The best conferences are like reading a dozen books in a single sitting. Immersed in the most exciting conversations in a given field — imagination ignited — you spend the rest of the calendar processing insights! For the last two years, the Community Information Exchange (CIE) Summit hosted by San Diego 2–1–1, Health Leads, and Data Across Sectors for Health (DASH) has done that for me.
Held September 8–10, organized around “Leading with Community to Drive Systems Change,” the Summit delivered. It was not an “academic-y” meditation giving lip-service to “community” as a concept with half-hearted calls for empowerment, but a blueprint to put the community at the center of the work.
Here are my Top 5 Takeaways from the CIE Summit:
- Systematizing progressive race-forward activist values
CIE Summit represents one of the few times in my career where the traditional nonprofit establishment reflects the values of street-level activism. As Larry Krasner, the progressive Philadelphia DA, once noted, the activist community always reflects our society’s highest values. In the two decades, I have done population health work, there has been a disconnect between formal institutions and community organizers — that tension was not present here.
Participating organizations prioritized community voice at every level. They asked tough questions on how to cede power to the community for funding, program development, board engagement, staffing, and so on.
2) Disrupting the systemic racism embedded in technology, healthcare, and nonprofit organizations with a liberatory framework
Over the past year, I have spoken to many organizations — healthcare start-ups, nonprofits, community health providers, hospitals — wrestling with the tensions of trying to do good work in inherently racist systems. They struggle with prioritizing Community Voice in the right way to disrupt systems, reduce harm, and restructure institutions, but they wonder about the most effective ways forward. Many are stuck in savior-design thinking. Others want to make cosmetic changes without giving up absolute power. A mental health provider debated why a hard BLM stance would alienate their rural audiences, so they maybe they shouldn’t say anything at all. Another organization wondered if adding non-voting community seats on their board was a significant enough change.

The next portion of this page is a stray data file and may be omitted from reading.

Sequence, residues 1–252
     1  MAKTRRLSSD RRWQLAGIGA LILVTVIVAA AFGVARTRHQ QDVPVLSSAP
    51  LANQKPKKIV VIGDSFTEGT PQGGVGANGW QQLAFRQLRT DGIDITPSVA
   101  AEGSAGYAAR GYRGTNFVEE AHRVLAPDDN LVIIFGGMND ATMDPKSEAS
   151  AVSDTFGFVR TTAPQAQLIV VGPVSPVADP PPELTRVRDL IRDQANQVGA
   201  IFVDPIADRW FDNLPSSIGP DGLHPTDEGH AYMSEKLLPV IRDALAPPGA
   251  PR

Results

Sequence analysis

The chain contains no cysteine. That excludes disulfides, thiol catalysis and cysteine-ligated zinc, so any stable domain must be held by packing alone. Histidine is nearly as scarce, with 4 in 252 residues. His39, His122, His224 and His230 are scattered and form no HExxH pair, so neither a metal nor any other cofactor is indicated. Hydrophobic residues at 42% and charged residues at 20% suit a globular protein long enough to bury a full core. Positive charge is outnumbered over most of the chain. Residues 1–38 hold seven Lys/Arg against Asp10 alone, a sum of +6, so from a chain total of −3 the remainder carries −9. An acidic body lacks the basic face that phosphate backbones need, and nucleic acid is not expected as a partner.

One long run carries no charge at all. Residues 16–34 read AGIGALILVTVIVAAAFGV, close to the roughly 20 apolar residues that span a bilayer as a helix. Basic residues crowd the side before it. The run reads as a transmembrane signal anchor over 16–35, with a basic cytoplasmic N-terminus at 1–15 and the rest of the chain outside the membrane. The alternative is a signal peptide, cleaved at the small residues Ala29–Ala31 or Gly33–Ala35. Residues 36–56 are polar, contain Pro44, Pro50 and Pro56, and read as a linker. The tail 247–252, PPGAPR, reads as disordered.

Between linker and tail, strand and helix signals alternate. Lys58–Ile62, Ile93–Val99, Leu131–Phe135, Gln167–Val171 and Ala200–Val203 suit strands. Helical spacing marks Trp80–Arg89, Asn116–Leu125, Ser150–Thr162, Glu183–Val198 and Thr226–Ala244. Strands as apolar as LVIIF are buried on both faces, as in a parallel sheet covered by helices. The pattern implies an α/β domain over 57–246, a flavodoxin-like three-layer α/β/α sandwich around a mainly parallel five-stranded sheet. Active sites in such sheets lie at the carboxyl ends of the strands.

Dr. Rhea Boyd, a physician and data expert, moderated some of the most impactful workshops I attended throughout the week. “Driving Systems Change from an Antiracist Framework” and an “Antiracist Framework for Data Equity” provided a framework to help organizations resolve these tensions for themselves. One slide that resonated deeply showed a continuum of system types organized by how they centered community. At one end of the continuum, predatory systems profited from supporting systems of oppression. At the other end of the continuum, liberatory models eliminated systemic oppression. It provided a model for mapping where systems were on this ideological continuum.
Learning this Framework over the week was truly mind-blowing. For organizations asking the right questions in search of honest answers, it is an invaluable tool. I have shared notes on these sessions at least a dozen times in the last couple of weeks since attending. I am sure that I will be going back to the PowerPoint decks again and again.
I would love to see 2–1–1 San Diego, CIE, or someone else put together a downloadable guide or a curriculum for interested organizations. These insights are groundbreaking. The Framework needs to be shared and taught. More organizations wrestling with these complicated tensions need to be shown a way forward.
3) Putting the person back at the center of person-centered care
Data and Story are critical to policy development, advocacy work, fundraising, and program design. Yet, organizations often lose the forest for the trees, or more appropriately, the person for the cause, in their efforts. The worst-case scenarios leave communities feeling exploited and people retraumatized.